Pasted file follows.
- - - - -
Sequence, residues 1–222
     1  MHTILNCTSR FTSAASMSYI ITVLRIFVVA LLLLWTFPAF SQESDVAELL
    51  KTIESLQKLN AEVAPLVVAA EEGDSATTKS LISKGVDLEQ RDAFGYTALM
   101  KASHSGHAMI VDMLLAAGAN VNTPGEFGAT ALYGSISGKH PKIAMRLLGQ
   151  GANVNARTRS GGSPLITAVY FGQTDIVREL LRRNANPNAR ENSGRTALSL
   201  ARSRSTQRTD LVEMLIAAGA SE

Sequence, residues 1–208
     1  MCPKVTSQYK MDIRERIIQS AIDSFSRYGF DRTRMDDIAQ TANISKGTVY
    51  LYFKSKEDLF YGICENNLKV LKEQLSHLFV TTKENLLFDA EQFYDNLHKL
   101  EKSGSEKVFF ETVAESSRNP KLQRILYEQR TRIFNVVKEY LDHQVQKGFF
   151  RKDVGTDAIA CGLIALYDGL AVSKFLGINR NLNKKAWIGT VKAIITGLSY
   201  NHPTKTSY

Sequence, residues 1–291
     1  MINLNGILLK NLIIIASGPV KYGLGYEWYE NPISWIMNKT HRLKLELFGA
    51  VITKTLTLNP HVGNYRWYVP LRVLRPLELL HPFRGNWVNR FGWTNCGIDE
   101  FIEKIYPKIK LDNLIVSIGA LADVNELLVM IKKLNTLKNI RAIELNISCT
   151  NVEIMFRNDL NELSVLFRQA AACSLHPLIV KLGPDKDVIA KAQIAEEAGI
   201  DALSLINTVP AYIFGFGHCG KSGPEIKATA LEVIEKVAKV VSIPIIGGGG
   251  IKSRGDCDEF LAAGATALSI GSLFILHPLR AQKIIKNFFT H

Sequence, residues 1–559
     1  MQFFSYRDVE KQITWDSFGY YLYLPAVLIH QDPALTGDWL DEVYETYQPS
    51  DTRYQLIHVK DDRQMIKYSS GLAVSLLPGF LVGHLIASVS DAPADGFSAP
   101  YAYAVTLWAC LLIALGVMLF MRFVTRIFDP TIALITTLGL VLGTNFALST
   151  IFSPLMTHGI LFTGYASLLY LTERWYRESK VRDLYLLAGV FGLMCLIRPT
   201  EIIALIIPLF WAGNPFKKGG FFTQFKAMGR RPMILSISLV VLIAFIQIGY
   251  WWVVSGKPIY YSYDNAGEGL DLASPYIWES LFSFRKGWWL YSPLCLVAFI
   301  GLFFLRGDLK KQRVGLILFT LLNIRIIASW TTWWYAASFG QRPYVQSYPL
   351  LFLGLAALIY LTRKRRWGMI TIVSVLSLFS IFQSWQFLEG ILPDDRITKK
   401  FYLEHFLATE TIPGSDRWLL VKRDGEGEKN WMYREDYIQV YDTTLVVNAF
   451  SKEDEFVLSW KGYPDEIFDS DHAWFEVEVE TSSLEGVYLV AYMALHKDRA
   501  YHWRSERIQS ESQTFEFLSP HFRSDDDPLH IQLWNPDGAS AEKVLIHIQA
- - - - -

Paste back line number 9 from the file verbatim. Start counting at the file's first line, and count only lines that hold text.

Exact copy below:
    51  LYFKSKEDLF YGICENNLKV LKEQLSHLFV TTKENLLFDA EQFYDNLHKL